By the way, did you know that Hagman is the son of the legendary actress Mary Martin? And can you hum the theme song from his first TV series? Barbara Eden is also not dead. In fact she's looking pretty fantastic.
Another thing to be happy about is that our customer and friend Rodney from San Francisco will arrive over the weekend with a big bag of goodies from Costco, including walnuts and industrial sized Cheddar and Monterey Jack cheeses. I still have a months supply of Velveeta in the larder. Thanks, Rodney! And thanks to Marco for the gran pezzo di formaggio he carried so lovingly from Milan.
On one hand we are really happy that Thailand is finally rid of its cowardly former Prime Minister, who fled the country to avoid trial for enough dishonesty to fill an entire blog. Tens of thousands of Thais demonstrated outside the British embassy last week to demand his extradition. It took me two and a half hours to get to the office on Tuesday--a trip that normally takes twenty minutes. I was happy, in this case, to donate my time to Thai civil disobedience. Plenty of people here want the scoundrel back so that he can be tried and sent where he really belongs. If you are British we hope you can help turn up the heat your government so that the UK does not become the next Paraguay or Libya. You get Gary Glitter back, we get Thaksin. Fair trade, na?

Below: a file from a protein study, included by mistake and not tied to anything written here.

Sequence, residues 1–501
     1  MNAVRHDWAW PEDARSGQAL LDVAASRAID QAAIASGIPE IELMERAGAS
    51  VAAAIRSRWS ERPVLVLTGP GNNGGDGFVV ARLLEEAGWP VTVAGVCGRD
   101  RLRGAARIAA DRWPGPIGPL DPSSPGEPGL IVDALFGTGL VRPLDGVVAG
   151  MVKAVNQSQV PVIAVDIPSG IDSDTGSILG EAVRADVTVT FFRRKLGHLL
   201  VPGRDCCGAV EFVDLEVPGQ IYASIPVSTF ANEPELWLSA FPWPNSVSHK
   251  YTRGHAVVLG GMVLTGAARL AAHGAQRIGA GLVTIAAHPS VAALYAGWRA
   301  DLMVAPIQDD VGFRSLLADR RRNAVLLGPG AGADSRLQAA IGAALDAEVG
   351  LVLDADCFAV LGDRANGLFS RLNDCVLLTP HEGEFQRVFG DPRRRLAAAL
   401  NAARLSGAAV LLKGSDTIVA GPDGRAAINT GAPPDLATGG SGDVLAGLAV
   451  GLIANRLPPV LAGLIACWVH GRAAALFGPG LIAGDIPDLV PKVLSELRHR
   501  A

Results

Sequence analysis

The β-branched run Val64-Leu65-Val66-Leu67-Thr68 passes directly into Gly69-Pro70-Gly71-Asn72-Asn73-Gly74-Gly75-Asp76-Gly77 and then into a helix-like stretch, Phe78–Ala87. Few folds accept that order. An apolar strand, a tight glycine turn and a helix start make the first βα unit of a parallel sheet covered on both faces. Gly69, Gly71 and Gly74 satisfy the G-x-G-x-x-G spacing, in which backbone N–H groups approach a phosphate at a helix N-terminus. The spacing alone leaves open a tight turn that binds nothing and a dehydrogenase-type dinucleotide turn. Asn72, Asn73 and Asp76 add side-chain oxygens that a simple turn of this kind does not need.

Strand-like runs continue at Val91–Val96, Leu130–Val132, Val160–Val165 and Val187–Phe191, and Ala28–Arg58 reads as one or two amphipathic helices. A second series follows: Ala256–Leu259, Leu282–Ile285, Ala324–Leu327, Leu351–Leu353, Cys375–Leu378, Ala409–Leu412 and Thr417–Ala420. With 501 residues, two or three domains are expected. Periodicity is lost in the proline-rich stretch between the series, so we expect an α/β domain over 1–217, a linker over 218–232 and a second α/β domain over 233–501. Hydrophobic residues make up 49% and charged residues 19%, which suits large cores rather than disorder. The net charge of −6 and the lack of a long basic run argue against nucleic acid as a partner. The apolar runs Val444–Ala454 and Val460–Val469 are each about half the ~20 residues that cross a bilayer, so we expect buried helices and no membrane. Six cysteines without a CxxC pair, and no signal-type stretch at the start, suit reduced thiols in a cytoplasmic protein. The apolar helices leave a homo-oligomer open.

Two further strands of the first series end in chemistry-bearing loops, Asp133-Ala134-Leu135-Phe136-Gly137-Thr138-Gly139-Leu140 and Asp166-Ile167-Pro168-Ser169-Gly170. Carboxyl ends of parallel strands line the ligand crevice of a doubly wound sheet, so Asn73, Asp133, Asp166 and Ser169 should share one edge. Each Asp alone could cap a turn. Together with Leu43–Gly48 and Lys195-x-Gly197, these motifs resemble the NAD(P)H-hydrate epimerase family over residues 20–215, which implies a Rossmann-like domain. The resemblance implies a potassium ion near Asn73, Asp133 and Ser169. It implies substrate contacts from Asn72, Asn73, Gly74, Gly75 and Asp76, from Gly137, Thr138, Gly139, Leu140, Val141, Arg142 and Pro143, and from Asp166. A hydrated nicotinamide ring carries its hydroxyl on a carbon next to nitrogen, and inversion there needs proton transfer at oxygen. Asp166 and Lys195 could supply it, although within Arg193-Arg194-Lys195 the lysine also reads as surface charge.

By the way, if you subscribe to the RSS feed I dreamed about last night you will be among the fist to learn about my arguments with my cat. Nut and I never argue. There are times I wish I had a boss to complain about. Thanks for reading, and happy trails...